The government predicts economic growth of 6.75% this year, roughly in line with growth in both 2012 and 2013, although lower than the 7.8% and 7.7% achieved in 2010 and 2011 respectively. Each year has been roughly in line with the government’s Vision 20:2020 target of 7-8% GDP growth each year up to 2020.
Yet apart from crude oil and liquefied natural gas (LNG), Nigeria exports relatively little for a country with 170m inhabitants. Moreover, oil production is lower than it should be because of a combination of oil theft and projects that have been postponed because of the poor security situation in the Niger Delta.
With a string of multibillion-dollar LNG projects either delayed or shelved because of the uncertain investment environment and vast amounts of natural gas literally going up in smoke every day through routine flaring, it is difficult not to describe the Nigerian economy as anaemic.
With insecurity continuing to affect investor sentiment, it is easy to paint a depressing picture. While militants and oil gangs plague the oil industry in the far south, Boko Haram is destabilising the north.
The Petroleum Investment Bill
The government of President Goodluck Jonathan promised to sort out the various ills that have long depressed the country’s key oil, gas and power sectors. It drew up a list of widely admired reforms and clubbed them together in a single – albeit long – piece of legislation known as the Petroleum Investment Bill (PIB). Yet the bill has been marooned in legislative disputes for most of Jonathan’s time in office. Far from resolving a difficult situation, it has merely added another layer of uncertainty to worry investors.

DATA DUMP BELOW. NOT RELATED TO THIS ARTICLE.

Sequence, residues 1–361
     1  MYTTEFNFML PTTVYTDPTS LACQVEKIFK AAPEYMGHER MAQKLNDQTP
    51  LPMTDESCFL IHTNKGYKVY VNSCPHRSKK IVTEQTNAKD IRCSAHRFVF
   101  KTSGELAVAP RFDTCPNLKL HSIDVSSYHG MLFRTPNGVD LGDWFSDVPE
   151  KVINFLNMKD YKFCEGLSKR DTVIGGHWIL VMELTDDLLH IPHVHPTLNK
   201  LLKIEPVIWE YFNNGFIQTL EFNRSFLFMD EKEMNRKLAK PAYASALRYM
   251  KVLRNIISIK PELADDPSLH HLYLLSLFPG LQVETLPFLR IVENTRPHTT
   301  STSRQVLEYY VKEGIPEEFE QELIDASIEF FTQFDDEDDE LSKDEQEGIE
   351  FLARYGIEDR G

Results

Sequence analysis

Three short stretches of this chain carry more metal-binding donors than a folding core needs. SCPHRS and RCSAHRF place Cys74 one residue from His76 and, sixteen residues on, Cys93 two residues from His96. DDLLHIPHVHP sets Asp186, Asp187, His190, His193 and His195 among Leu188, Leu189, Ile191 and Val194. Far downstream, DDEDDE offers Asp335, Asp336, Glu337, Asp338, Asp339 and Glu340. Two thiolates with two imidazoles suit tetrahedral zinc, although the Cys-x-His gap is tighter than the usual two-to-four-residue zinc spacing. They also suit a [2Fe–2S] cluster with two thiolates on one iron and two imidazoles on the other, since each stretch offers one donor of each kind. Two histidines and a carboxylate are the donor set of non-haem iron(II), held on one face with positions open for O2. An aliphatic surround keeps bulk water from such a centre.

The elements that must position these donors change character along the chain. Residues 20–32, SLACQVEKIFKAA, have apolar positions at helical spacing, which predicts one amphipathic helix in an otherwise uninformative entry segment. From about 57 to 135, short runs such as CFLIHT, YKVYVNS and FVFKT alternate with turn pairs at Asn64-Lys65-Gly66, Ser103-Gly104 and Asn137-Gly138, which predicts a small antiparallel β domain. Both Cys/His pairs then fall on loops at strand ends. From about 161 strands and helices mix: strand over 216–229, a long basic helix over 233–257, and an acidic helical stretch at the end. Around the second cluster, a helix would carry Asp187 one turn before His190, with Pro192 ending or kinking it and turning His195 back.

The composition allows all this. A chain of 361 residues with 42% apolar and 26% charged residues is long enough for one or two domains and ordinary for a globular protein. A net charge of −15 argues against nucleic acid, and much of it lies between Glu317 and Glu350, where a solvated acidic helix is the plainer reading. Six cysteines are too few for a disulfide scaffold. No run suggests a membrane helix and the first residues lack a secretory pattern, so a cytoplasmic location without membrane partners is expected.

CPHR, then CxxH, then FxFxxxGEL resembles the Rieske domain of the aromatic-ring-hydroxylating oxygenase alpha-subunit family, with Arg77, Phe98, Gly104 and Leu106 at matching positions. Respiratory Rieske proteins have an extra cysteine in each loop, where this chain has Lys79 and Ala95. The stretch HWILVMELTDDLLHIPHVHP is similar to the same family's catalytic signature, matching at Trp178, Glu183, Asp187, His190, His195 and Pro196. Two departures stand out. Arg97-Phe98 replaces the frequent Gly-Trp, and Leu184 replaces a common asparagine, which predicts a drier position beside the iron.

International oil prices are not expected to increase over the next two years, partly because economic growth in many industrialised countries is weak, but also because unconventional oil and gas production is rising in North America.
The curtailment of oil theft and associated violence in the Niger Delta would certainly help oil production to recover but output should increase in any case over the next few years as several big deepwater projects are brought on stream.
Deepwater projects are relatively sheltered from the Delta problems and could help to push production above 3m b/d for the first time. This could help to sustain economic growth and buoy government finances, while the country even has the potential to achieve 4m b/d if the problems of the Delta can be settled.
Some progress has been made on improving national infrastructure in recent years. Nigeria’s main ports are operating more efficiently than previously and new ports are planned in conjunction with industrial zones, although far too many containers that bring goods into the country leave empty because of the lack of exports.
The mobile telecoms sector is in relatively good health and national generating capacity has increased over the past three years, although it is still far below the targeted 10 GW. Finally, as we discuss below, the prospects for domestic oil companies and the agriculture sector are better now than they have been for decades.
While the PIB remains unimplemented, low regulated gas and power tariffs have depressed domestic gas demand but greater effort has been put into identifying non-power sector outlets for gas. The NNPC group executive director for gas and power, David Ige says: “The Ogidigben Industrial Park will have a fertiliser plant, a petrochemical plant, a central processing facility and a power plant of 350 MW capacity. There will be big commercial and residential areas. It is going to be the biggest gas-based industrial park in Africa.”